Amboise derives its name from the Latin Ambacia meaning "between two waters". The name makes reference to the city's location between the Loire and the Amasse. Its strategic location made Amboise a royal city under French kings Charles VII, Louis XI, Charles VIII, the great builder of Amboise, and Francis I.
Our hotel in Amboise puts all the treasures of the "City of a thousand wonders" within easy walking distance. The city is home to architectural masterpieces such as the Chateau Royal, the Clos Lucé, or the famous Pagode de Chanteloup - 44 m in height and inspired by Chinese architecture.
You can also stroll along the Loire and through the city's pedestrianised areas to discover the troglodyte dwellings characteristic of the Loire Valley, formerly Tuffeau stone quarries.
3 minutes' walk from the hotel, the Chateau d'Amboise is one of the most significant sites in the history of France, and enjoys majestic views over the verdant valley. Through the gates, a long access ramp opens onto a vast terrace which dominates the Loire.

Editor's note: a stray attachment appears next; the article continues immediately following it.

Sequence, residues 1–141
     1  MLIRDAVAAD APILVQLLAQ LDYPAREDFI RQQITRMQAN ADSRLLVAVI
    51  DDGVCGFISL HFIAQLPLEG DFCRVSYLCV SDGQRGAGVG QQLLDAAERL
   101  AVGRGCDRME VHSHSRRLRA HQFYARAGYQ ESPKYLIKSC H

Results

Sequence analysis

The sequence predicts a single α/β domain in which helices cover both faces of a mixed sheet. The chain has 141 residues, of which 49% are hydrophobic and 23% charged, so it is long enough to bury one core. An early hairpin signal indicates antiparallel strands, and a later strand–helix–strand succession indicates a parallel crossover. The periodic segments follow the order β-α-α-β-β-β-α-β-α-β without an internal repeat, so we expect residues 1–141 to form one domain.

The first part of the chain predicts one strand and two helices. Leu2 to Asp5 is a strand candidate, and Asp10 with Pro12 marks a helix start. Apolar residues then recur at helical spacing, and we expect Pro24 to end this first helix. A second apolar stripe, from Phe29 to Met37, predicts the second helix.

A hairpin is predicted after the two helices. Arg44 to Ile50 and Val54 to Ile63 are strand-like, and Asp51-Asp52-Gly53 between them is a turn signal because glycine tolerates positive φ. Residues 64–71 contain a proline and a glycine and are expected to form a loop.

The actual chateau was built between the 14th and 16th centuries under the orders of Charles VIII, Louis VII and Francis I. Visit the cellars, the Chapelle Saint-Hubert with Leonardo da Vinci's tomb, the Tour des Minimes, which could receive horses and carriages, and the magnificent landscaped gardens with their cypresses, holm oaks, bay trees, hornbeams and shrubberies.
Easy to access from our hotel, just 5 minutes' walk from our hotel, the Chateau du Clos Lucé, the last home of Leonardo da Vinci, retains traces of the great Master. Only a corps de logis remains from the original medieval structure erected under Louis XI, a ravishing pink brick edifice set off with Tuffeau stone which you can visit.
Invited to France by Francis I in 1516, Leonardo da Vinci crossed the Alps on mule back with three of his most remarkable works - The Mona Lisa, The Virgin and Child with St Anne and Saint John the Baptist which he would finish here, at the Chateau du Clos Lucé. Named "First Painter, Engineer and Architect of the King", he died in Amboise in 1519.